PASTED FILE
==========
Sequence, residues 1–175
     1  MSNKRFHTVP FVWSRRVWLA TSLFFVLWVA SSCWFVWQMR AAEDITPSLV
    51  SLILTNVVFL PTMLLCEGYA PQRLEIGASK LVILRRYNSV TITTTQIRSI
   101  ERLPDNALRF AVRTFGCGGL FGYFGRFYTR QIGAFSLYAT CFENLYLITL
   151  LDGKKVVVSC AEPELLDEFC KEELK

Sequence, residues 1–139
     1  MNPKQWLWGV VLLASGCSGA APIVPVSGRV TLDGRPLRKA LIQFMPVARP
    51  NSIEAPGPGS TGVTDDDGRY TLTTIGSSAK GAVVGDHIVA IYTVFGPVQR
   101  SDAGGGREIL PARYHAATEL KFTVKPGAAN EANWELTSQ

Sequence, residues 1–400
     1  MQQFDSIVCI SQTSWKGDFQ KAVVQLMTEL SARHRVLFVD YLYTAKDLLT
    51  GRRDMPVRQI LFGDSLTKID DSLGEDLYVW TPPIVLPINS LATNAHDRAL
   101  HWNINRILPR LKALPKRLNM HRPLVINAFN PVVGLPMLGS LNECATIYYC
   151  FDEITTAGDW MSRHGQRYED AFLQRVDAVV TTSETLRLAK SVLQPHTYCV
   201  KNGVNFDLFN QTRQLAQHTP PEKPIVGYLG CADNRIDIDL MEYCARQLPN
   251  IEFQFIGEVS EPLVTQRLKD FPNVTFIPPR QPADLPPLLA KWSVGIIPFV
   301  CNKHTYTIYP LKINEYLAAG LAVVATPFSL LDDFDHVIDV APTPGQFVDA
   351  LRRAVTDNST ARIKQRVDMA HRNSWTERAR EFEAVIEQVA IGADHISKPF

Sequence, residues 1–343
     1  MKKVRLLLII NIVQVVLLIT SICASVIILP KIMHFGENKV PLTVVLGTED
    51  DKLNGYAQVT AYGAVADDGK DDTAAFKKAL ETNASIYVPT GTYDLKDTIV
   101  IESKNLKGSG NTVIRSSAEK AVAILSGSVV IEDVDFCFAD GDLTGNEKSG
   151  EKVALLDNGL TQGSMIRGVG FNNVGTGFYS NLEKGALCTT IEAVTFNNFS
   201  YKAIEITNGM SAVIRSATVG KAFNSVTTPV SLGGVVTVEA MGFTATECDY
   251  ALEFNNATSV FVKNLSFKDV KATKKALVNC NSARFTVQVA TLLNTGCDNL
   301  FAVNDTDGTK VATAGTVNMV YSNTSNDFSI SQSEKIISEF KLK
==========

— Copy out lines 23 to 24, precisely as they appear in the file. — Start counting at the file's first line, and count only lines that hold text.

   151  EKVALLDNGL TQGSMIRGVG FNNVGTGFYS NLEKGALCTT IEAVTFNNFS
   201  YKAIEITNGM SAVIRSATVG KAFNSVTTPV SLGGVVTVEA MGFTATECDY